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Shares of Sturm, Ruger & Co Jump 11% on Strong Q2 Earnings

By Daniel Miller – Aug 2, 2018 at 5:09PM

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Thanks to a surging bottom line, shares of Sturm, Ruger are moving higher, but tariffs could cause problems in the near term.

What happened

Shares of Sturm, Ruger & Co (RGR 0.92%), a designer, manufacturer, and seller of firearms mostly to American consumers, were up 11% as of 2 p.m. EDT Thursday after releasing second-quarter earnings after the prior day's market close.

So what

Starting from the top, Ruger reported second-quarter net sales of $128.4 million, which was a 2.6% decline from the prior year's $131.8 million. Despite the slowing top line, the company's bottom line checked in with earnings of $0.86 per share, a significant 50.9% rise compared to the prior year's $0.57 per share.

A person firing a pistol at a shooting range.

Image source: Getty Images.

The bottom-line result appears better than it is if you consider that the company adopted new accounting standards that boosted earnings per share by roughly $0.05, a reduced effective tax rate in 2018 increased earnings per share by $0.12, and the repurchase of 1.3 million shares of common stock increased earnings per share by $0.06. Those factors help put the massive 50.9% gain in context, but, those factors aside, it was still a strong second-quarter earnings result.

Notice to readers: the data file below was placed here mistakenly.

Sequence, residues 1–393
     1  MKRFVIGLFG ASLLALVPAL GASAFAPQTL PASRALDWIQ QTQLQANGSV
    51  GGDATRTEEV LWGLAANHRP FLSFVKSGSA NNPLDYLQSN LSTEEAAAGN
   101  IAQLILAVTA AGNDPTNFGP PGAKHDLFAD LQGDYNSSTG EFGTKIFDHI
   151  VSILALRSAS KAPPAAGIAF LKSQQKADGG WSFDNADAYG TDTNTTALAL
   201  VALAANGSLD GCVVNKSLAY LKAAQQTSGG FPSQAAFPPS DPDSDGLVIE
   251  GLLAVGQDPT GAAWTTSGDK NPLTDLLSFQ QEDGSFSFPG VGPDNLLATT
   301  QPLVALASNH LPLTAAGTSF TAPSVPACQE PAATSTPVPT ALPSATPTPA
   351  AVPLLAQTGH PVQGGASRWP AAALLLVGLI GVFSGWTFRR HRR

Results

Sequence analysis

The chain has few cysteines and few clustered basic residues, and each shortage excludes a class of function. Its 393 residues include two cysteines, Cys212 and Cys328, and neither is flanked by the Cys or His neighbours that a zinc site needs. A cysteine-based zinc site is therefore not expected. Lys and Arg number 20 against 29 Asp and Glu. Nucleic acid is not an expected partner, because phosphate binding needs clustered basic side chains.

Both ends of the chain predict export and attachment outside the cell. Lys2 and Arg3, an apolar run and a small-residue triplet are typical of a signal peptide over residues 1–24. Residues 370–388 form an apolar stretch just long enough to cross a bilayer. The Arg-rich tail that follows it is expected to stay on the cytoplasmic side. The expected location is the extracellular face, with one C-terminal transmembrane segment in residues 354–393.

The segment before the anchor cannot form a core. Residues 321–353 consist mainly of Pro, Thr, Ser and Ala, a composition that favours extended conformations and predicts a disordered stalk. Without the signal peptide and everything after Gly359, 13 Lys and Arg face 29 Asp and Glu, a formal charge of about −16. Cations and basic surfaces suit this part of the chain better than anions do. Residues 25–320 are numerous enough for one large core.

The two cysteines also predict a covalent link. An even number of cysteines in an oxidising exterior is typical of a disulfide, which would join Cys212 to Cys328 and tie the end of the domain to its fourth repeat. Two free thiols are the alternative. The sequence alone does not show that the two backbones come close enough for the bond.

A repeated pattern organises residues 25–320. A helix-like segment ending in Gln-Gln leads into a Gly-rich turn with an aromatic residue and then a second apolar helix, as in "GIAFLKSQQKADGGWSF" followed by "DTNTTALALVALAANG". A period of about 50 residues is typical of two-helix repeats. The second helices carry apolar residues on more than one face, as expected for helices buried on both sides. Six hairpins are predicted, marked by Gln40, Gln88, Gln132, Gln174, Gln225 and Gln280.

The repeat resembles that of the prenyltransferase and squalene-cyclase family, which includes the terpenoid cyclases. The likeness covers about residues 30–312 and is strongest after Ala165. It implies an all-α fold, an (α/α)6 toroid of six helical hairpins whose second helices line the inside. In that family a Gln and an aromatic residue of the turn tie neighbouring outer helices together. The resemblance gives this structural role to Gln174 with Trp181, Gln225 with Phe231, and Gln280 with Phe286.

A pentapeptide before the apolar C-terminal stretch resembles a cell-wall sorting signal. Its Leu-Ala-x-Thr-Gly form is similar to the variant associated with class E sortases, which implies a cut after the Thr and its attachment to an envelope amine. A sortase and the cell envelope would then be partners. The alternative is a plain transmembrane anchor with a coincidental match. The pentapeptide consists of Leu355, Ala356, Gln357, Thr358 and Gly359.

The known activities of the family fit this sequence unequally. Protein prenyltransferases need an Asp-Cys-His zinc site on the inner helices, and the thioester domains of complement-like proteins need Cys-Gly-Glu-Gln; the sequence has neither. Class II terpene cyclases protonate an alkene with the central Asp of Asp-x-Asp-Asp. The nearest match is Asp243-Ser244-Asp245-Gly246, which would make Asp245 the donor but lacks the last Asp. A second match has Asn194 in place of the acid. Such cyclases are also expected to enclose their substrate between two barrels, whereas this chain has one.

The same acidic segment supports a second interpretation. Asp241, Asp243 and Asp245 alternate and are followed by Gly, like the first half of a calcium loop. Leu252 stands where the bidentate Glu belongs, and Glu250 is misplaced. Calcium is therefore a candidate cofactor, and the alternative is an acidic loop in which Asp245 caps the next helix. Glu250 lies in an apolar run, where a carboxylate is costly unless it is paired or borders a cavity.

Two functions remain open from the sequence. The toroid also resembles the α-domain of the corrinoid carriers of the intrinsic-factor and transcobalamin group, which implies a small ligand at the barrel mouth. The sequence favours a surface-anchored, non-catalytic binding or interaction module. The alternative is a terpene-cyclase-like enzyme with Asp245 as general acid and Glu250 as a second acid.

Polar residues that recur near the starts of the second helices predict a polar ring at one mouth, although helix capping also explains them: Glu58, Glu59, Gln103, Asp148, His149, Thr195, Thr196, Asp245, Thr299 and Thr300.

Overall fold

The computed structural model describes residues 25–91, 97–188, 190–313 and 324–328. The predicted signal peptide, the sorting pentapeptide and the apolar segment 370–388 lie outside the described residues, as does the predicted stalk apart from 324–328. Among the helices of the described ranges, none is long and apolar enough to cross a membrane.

Now what

"We've been sourcing our steel domestically for decades," Sturm, Ruger Chief Executive Officer Christopher J. Killoy said during the call, according to Bloomberg. "The tariffs have made domestic steel more attractive, so demand has risen tremendously recently as manufacturers who had been getting their steel from overseas look to find domestic sources. This has led to some price increases and some shortages of raw materials."

The steel tariff pain is something that was also felt by Detroit automakers that source steel domestically. It's unclear how long the unintended consequence of the Trump Administration's tariffs will last or if the company can raise prices to offset the increased material costs.

Daniel Miller has no position in any of the stocks mentioned. The Motley Fool has no position in any of the stocks mentioned. The Motley Fool has a disclosure policy.

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